Atom Colour Board Thread

discussion of games, software, hardware & emulators relating to the Acorn Atom and Acorn System machines.
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Atom Colour Board Thread

Post by hoglet » Sun Jan 13, 2013 6:39 pm

Hi all,

I thought I would start a new thread to record my experiences with various Atom colour boards. Since I got my Colour Atom a few weeks ago, I've tried several different ways of getting a proper colour picture:

- The original Acorn colour board that was fitted with an RGB output
- Phill's new design (based on the LMH1251) with an RGB output
- Using Y PA PB on connector PL4 directly as a YPrPb output
- My own design, that I've been playing with this weekend

My goal has been to drive a HP LP2065 monitor. As this won't directly take a 15.625 KHz video source, I thought I would try one cheap GBS8200 scan convertors from eBay.

In terms of picture quality, I'm looking for a reasonably sharp picture, that's noise/artefact free. And I'm also looking for accurate colours (i.e. reds that are actually red).

I'm going to use the next few posts to describe each of these options in more details, and try to post some pictures of the results.

Enjoy!

Dave

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Original Atom Colour Board manufactured by Acorn

Post by hoglet » Sun Jan 13, 2013 6:39 pm

Original Atom Colour Board manufactured by Acorn
IMG_2193.JPG
Original Acorn Colour Board
IMG_2193.JPG (582.02 KiB) Viewed 5190 times
Here's a summary of this card:
- outputs Colour Composite Video (to the Atom UHF modulator)
- outputs TTL RGBS
- slows the 6847 frame rate down from 60Hz to 50Hz
- generates colour burst signal for the composite output
- decodes Y, PA, PB signals to digital RGB

The circuit diagram is here:
http://www.stairwaytohell.com/temporary ... rboard.gif

The technical manual is here:
http://electrickery.hosting.philpem.me. ... index.html

Although it's cool to have an original Acorn board, it doesn't work very well. I had the following problems:

- The 60Hz to 50Hz frame rate conversion is very complex. It involves stopping the 6847 clock for 1.7ms twice during each frame to extend the frame duration from 16.6ms to 20ms. While the 6847 clock is stopped, the colour board has to generate it's own sync pulses. The timing of these pulses is not quite the same as the 6847's, and this seemed to confuse my scan converter, so it would loose sync every few seconds.

- The composite output is not able to drive a 75 ohm load - it was designed to connect directly to the UHF modulator input, which is higher impedance.

- The composite sync signal is recovered from the Y output of the 6847 using a LM319N comparator. There is a lot of ground noise on the board, and this makes the sync recovery hard to adjust. Even when it's set optimally, the composite sync signal contains glitches in places where it shouldn't.

- The PA and PB signals are decoded to 1-bit R G and B. This means that orange is output incorrectly as red.

- The Acorn colour board cannot be installed as at the same time as Phill's excellent RAM ROM board, because they physically conflict. And I really wanted to be able to use Phill's RAM ROM board.

To be added later:

It's possible to disable the 60Hz to 50hz conversion.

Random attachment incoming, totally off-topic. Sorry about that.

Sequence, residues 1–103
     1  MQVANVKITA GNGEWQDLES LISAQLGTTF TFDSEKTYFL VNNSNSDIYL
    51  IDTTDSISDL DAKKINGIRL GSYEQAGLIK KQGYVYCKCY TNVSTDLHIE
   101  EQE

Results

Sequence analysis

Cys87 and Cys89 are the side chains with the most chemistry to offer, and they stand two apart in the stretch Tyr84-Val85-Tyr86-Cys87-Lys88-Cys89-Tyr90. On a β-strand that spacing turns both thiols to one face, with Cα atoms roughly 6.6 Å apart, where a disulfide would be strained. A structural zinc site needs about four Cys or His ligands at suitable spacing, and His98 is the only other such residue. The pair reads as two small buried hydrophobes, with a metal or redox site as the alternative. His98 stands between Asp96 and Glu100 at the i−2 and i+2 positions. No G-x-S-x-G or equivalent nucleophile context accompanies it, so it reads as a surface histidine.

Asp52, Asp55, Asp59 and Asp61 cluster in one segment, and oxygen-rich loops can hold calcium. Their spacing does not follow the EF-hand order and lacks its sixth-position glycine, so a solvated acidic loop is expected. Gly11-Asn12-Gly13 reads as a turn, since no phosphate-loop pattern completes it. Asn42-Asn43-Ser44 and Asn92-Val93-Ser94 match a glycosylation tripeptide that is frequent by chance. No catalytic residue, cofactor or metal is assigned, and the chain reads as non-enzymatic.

Last edited by hoglet on Sun Jan 13, 2013 7:17 pm, edited 3 times in total.

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Phill's new Atom Colour card

Post by hoglet » Sun Jan 13, 2013 6:39 pm

Phill's new Atom Colour card

Phill (Prime) on these forums has developed a new colour board, based on the LMH1251 YPrPb to RGB convertor.
IMG_2234.JPG
Phill's V3 Colour Board
IMG_2234.JPG (530.99 KiB) Viewed 5172 times
There's some more pictures here:
https://www.facebook.com/media/set/?set ... 6286f612ae

I believe there are 20 of these in existence, and a further 10 of the earlier design, and I think Phill is now sold out.

The datasheet for the LMH1251 is here:
http://www.ti.com/lit/ds/symlink/lmh1251.pdf

This is a simpler and more elegant design than the Acorn card.

Here's a summary of this card:
- Based around LMH1251 YPrPb to RGB convertor
- Output RGB only, at 0.7v Pk-Pk
- Replaces the existing power hungry video RAM with a 8K CMOS RAM
- Include a Noise Killer circuit to eliminate the Atom's screen noise

Unfortunately, I hit a couple of snags:

- My GBS 8200 has 75 ohm terminated inputs, and I'm not convinced the chip Phill uses is really designed for driving these directly. The data sheet (to me anyway, page 11) indicates a buffer/amplifier should be used. I get a lot of noise on the picture. Adding an emitter follower transistor to the RGB outputs really cleans up the image. Many SCART inputs on TVs are actually higher impedance than 75 ohms, so I can fully understand why other folk might not have hit this problem.

- I can't get the colours looking quite right; the red is coming out quite purple. It's kind of arguable what is right here. The other thing I don't like is the dark green/dark orange background in text mode. This is down to the Y, PA and PB signals the 6847 outputs not really being accurate Y PR PB signals.

None of these are show stoppers, and I still think the board is incredibly cool.

Phill sent me the circuit diagram and the installation manual. Included here with permission.
PhillsAtomColorV3.zip
(90.35 KiB) Downloaded 298 times
Last edited by hoglet on Tue Jan 15, 2013 8:28 pm, edited 7 times in total.

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Component Video Direct from the Atom (almost...)

Post by hoglet » Sun Jan 13, 2013 6:40 pm

Component Video Direct from the Atom (almost...)

The GBS-8200 scan converter (more later) will accept component video directly via three phono plugs (Y Pr Pb).